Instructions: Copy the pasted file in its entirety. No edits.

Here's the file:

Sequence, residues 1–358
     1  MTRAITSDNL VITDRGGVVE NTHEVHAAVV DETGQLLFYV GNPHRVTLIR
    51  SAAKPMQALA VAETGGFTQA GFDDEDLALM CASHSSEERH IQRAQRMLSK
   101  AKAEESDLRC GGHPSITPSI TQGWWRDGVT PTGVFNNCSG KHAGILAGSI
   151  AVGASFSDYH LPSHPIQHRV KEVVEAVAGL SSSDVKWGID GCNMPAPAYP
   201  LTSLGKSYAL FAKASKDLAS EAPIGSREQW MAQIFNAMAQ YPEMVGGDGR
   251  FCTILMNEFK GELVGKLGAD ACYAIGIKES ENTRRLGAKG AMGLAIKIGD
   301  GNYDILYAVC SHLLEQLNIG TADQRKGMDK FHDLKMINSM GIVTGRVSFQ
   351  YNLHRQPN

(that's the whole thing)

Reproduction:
Sequence, residues 1–358
     1  MTRAITSDNL VITDRGGVVE NTHEVHAAVV DETGQLLFYV GNPHRVTLIR
    51  SAAKPMQALA VAETGGFTQA GFDDEDLALM CASHSSEERH IQRAQRMLSK
   101  AKAEESDLRC GGHPSITPSI TQGWWRDGVT PTGVFNNCSG KHAGILAGSI
   151  AVGASFSDYH LPSHPIQHRV KEVVEAVAGL SSSDVKWGID GCNMPAPAYP
   201  LTSLGKSYAL FAKASKDLAS EAPIGSREQW MAQIFNAMAQ YPEMVGGDGR
   251  FCTILMNEFK GELVGKLGAD ACYAIGIKES ENTRRLGAKG AMGLAIKIGD
   301  GNYDILYAVC SHLLEQLNIG TADQRKGMDK FHDLKMINSM GIVTGRVSFQ
   351  YNLHRQPN